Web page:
As with the paid stock sites, there is a lot of debate about the value of the free stock sites, more of which go live every year. For freelancers, entrepreneurs and small businesses requiring stock images on a budget (of zero), they’re a huge help – but some people suggest that giving away photographs for free is de-valuing the craft of photography. Our feeling is that there is some use for them, as long as they are attracting people to photographers’ websites to view more of their work.
If you have a particular niche you operate in, like landscape photography, or food photography, you have nothing to lose by putting a few of your many images onto the free stock libraries, where they may amplify brand awareness and draw visitors to your website.
Selling Photos On Social Media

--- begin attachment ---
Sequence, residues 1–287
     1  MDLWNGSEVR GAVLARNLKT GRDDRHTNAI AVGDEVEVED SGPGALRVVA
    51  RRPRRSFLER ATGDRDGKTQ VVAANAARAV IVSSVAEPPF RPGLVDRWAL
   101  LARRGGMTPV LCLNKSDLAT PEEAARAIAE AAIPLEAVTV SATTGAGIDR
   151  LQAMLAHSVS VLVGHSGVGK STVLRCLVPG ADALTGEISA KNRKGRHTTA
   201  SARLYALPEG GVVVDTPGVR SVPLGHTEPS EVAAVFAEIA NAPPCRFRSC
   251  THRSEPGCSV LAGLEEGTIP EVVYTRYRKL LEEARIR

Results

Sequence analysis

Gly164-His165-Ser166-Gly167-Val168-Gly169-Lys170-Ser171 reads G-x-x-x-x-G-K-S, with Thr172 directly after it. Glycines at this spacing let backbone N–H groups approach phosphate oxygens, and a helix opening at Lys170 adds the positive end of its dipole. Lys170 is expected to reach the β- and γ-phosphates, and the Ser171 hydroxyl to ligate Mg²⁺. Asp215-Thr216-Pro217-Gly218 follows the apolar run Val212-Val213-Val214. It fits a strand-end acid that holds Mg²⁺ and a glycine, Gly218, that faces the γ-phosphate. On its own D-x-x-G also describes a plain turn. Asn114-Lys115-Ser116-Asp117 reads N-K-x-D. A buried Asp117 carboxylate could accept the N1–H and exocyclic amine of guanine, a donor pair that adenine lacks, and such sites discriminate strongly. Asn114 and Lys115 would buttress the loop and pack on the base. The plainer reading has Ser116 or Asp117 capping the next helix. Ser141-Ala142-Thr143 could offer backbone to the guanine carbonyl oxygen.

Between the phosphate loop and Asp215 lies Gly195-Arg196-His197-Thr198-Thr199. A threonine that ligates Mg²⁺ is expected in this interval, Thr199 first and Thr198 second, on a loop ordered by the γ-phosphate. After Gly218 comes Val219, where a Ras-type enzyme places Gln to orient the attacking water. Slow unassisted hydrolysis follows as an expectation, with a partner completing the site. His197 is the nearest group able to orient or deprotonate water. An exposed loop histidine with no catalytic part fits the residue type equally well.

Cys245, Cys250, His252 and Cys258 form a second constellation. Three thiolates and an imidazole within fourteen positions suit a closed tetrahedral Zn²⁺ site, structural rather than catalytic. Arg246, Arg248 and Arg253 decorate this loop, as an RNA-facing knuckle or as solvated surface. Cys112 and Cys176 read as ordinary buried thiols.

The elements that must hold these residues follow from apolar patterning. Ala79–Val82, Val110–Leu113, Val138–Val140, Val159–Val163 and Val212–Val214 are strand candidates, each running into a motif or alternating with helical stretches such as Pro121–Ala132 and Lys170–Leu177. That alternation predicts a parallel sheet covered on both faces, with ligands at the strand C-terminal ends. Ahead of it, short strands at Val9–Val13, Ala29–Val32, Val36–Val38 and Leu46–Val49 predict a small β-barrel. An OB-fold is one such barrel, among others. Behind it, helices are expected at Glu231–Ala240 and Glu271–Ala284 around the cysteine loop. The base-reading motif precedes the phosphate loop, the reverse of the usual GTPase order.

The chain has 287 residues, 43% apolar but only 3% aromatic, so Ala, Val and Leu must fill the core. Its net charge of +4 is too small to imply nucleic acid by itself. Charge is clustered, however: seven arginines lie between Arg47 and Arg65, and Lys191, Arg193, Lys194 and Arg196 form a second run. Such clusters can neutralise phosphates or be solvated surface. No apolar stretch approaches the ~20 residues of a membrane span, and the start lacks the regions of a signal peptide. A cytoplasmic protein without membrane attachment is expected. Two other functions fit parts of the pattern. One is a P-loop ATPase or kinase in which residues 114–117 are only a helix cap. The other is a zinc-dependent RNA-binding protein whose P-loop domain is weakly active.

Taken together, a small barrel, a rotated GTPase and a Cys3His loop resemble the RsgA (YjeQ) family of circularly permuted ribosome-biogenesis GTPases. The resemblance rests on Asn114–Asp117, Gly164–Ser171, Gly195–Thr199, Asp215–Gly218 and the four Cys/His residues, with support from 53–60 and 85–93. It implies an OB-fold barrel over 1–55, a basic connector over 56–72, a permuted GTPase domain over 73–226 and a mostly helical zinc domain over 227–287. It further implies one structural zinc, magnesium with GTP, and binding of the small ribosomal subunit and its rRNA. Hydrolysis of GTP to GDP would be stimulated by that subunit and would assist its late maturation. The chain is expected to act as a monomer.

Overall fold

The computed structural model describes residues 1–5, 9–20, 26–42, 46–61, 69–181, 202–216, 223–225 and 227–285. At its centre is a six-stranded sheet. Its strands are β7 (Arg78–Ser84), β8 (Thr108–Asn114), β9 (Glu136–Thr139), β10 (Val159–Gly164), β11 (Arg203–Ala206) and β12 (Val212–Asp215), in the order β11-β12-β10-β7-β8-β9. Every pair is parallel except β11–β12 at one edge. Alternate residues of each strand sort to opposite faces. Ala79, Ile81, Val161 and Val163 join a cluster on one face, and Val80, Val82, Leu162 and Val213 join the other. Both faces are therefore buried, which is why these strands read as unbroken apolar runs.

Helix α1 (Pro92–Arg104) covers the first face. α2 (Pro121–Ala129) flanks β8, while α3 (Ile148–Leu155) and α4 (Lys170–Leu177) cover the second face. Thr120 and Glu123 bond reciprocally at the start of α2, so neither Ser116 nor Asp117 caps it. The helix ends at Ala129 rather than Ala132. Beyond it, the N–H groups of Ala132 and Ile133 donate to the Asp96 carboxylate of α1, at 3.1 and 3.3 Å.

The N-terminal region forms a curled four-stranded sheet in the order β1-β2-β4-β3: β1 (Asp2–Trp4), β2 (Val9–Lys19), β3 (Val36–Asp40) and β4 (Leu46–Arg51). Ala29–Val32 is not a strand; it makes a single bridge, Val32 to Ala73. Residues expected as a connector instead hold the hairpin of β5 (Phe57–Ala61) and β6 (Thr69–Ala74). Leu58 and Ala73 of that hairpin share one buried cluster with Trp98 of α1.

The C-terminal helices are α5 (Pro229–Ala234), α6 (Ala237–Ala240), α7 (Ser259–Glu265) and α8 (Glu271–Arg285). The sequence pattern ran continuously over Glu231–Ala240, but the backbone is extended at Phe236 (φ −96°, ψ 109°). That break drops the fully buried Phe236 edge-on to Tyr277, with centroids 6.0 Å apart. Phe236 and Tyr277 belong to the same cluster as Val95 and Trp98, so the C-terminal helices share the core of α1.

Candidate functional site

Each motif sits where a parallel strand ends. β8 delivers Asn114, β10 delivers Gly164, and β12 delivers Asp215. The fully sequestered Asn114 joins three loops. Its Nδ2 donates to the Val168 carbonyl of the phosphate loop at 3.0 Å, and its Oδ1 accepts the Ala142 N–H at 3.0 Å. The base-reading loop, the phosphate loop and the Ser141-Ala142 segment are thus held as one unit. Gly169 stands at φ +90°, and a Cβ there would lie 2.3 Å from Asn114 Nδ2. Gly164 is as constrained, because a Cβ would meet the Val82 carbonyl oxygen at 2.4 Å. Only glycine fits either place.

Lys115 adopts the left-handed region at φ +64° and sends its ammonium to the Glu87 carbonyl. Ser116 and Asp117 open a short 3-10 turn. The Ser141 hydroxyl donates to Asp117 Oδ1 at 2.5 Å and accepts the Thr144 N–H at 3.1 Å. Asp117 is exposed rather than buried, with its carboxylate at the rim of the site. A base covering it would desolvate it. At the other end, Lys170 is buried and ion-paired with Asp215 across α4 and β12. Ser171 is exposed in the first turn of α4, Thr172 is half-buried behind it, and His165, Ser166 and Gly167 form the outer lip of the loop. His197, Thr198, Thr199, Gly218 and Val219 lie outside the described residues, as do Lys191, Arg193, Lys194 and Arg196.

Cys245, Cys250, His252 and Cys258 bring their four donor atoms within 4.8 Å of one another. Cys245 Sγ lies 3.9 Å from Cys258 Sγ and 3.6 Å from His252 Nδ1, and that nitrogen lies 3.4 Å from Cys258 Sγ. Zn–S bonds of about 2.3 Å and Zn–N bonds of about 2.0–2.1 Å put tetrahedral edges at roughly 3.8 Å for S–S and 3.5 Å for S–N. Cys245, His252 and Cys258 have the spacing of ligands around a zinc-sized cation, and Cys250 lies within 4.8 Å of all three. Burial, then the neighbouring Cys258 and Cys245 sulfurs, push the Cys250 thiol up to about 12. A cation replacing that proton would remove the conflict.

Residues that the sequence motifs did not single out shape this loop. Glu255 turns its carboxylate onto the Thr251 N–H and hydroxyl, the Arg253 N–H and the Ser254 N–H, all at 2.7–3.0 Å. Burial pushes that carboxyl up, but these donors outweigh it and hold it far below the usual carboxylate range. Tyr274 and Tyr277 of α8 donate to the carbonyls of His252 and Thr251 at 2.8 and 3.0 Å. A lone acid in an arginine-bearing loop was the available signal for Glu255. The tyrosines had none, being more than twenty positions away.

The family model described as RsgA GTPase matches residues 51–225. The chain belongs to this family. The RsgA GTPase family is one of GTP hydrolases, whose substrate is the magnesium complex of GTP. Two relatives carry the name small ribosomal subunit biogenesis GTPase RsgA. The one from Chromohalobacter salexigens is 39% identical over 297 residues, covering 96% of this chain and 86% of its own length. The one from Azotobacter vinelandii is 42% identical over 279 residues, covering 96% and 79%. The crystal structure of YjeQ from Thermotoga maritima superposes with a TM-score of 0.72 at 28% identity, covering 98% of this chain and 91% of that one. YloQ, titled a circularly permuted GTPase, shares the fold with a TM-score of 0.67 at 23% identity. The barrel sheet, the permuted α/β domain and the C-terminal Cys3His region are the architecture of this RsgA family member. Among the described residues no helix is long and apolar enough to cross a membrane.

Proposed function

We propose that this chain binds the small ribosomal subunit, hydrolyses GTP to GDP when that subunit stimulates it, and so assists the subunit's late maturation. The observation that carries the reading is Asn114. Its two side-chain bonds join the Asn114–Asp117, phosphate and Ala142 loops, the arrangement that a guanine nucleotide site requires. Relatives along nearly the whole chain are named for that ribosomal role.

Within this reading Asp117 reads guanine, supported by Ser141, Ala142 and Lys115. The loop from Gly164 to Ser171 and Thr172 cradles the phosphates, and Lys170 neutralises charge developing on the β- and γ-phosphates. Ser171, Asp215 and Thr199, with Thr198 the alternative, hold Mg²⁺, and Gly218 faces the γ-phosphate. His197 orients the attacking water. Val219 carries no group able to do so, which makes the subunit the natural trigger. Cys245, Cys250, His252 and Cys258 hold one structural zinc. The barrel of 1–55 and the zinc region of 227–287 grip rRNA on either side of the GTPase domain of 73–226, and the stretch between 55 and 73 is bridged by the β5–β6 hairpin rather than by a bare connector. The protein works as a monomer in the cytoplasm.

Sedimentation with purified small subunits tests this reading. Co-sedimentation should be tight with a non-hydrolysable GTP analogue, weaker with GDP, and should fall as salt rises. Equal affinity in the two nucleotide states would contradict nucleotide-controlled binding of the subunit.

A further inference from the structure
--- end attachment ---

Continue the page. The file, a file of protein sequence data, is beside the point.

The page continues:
Social media platforms offer a lot of potential for marketing your photographs, and you should spread your efforts across several of them. Don’t worry about posting every day; a strategically considered post once or twice a week will probably hold more value.
Because Instagram is so visually driven, it’s the obvious platform to showcase your best photos on. The key to success on Instagram is choosing the right themes at the right time and using the right hashtags. For example, when winter comes around, you could post season-specific landscape images and tag them #photography #landscapes #winter. If you’re an animal photographer, diarise World Wildlife Day for some suitable posts. Mother’s Day or Father’s Day? Time to bring out those character-rich portrait photos.
Always link your Instagram posts directly back to the original high-res images in your website galleries and, if you’re using FooGallery PRO Commerce, visitors will be able to purchase them in just a few clicks. It may also be worthwhile spending a bit of money on sponsored posts, to engage a wider audience.